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Year : 2020  |  Volume : 41  |  Issue : 1  |  Page : 7-13

Brain electrical activity mapping in the diagnosis of attention-deficit hyperactivity disorder

1 Department of Neuropsychiatry, Faculty of Medicine, Alexandria University, Alexandria, Egypt
2 Department of Pediatrics, Faculty of Medicine, Alexandria University, Alexandria, Egypt

Correspondence Address:
MD Osama A Elmagd Elkholy
Amin Fekry Street, Alexandria, Postal Code (002/03)
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Source of Support: None, Conflict of Interest: None

DOI: 10.4103/ejpsy.ejpsy_18_19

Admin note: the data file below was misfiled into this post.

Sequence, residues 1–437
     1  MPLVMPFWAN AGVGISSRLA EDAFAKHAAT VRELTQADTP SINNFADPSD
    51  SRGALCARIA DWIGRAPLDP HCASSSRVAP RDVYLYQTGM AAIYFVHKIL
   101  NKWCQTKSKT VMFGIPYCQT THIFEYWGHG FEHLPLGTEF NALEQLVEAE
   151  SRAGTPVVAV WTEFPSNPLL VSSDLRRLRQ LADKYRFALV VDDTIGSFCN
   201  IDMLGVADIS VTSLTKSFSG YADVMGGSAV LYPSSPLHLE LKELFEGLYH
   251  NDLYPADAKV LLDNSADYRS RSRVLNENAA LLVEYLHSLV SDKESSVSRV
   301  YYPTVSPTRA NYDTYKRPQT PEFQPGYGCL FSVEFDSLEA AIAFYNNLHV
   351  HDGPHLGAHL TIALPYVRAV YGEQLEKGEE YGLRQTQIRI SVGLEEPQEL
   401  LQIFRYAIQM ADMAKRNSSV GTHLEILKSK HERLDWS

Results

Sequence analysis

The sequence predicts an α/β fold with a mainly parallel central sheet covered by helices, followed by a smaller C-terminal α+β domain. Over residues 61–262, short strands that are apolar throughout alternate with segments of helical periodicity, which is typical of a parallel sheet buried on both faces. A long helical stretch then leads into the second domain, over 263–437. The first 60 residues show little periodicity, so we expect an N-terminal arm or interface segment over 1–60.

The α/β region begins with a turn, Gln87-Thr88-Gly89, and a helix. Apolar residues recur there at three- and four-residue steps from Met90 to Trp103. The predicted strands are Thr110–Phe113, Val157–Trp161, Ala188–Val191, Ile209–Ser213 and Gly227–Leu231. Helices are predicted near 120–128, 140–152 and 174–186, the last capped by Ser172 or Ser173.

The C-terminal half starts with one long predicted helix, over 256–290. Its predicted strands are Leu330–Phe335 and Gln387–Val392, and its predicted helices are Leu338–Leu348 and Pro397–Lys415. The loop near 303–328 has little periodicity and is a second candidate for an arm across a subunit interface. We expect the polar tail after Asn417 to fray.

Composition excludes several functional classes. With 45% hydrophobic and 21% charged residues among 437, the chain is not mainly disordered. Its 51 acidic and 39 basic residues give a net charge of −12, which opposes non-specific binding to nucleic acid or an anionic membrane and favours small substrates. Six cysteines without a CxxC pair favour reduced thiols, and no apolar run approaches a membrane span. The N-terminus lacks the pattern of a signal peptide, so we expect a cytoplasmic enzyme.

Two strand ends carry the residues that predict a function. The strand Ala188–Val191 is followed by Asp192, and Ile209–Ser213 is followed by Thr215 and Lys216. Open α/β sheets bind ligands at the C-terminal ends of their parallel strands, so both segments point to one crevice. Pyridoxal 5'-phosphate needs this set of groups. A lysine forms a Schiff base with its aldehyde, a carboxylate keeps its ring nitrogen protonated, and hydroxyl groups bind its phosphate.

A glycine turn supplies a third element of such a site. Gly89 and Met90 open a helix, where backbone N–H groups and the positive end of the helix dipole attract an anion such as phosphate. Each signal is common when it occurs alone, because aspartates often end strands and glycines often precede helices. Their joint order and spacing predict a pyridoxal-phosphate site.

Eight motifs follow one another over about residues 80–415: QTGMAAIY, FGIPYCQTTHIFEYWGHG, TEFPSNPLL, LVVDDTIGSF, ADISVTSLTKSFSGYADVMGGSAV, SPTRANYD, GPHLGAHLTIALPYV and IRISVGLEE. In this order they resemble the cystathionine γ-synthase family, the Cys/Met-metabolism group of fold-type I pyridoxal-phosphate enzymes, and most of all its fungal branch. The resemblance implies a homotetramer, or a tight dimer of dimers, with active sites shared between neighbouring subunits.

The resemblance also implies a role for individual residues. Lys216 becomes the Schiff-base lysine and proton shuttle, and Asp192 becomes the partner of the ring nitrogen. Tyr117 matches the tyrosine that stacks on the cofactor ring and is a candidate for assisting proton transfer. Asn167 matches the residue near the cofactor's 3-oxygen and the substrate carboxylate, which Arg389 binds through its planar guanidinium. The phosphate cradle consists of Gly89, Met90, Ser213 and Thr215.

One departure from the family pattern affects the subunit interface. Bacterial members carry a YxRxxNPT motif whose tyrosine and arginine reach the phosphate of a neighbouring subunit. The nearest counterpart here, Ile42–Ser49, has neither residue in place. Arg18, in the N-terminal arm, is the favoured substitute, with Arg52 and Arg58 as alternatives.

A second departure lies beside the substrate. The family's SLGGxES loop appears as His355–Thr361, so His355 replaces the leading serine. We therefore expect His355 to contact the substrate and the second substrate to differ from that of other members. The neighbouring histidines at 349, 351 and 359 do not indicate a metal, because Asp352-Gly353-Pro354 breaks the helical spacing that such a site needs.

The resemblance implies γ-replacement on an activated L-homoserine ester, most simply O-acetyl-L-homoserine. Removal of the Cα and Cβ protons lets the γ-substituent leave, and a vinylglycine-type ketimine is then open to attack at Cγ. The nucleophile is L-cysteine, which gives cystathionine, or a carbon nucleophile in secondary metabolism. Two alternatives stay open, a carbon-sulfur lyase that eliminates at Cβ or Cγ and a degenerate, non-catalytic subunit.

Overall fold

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Background Attention-deficit/hyperactivity disorder (ADHD) is the most common neurodevelopmental disorder of childhood. It affects approximately 4% of all children, although estimates vary widely from 3% to 11% or more. Neuroimaging and neurophysiological tests have been increasingly used to understand the relation between brain functionality and ADHD symptoms. QEEG provides a method that can measure the neurophysiological mechanisms underlying neurodevelopmental disorders. By using spectral analysis is able to find abnormalities of brain functionality and connectivity linked to abnormal ADHD behaviors. The objective of the current work was to study and compare the efficacy & accuracy of QEEG for diagnosis of ADHD children, to assess the spectral characteristic of QEEG findings within cases of ADHD, to detect the presence of specific EEG findings that might help in diagnosis. Methodology The current study was conducted on 60 school aged children range from 6-15 years (60 ADHD children matching DSM-5 criteria) and 20 typically developing children. All cases were subjected to thorough history taking and clinical examination with special attention to neurological examination. Both cases and controls were subjected to QEEG analysis and interpretation. All studied children had undergone assessment with Arabic form of Conners’ Parent Rating Scale short form, IQ test, Arabic version of DSM-5. The present study revealed that: Increased levels of slow waves (predominantly theta) , decreased levels of relative Beta LF activity, and increased levels of Theta/Beta LF ratio, in QEEG of ADHD when compared to QEEGs of normal controls. The present study revealed significant differences between ADHD cases & control at all regions of brain; according to average amplitude of power spectrum of all bands (Theta, Beta LF&HF) and Theta/Beta LF ratio. From this study we concluded that children with ADHD have QEEG dysfunctions that underlie their symptomatology. QEEG average of power spectral analysis (theta, beta LF and theta/beta LF ratio) can differentiate between ADHD cases (abnormal power) & normal population (normal power).

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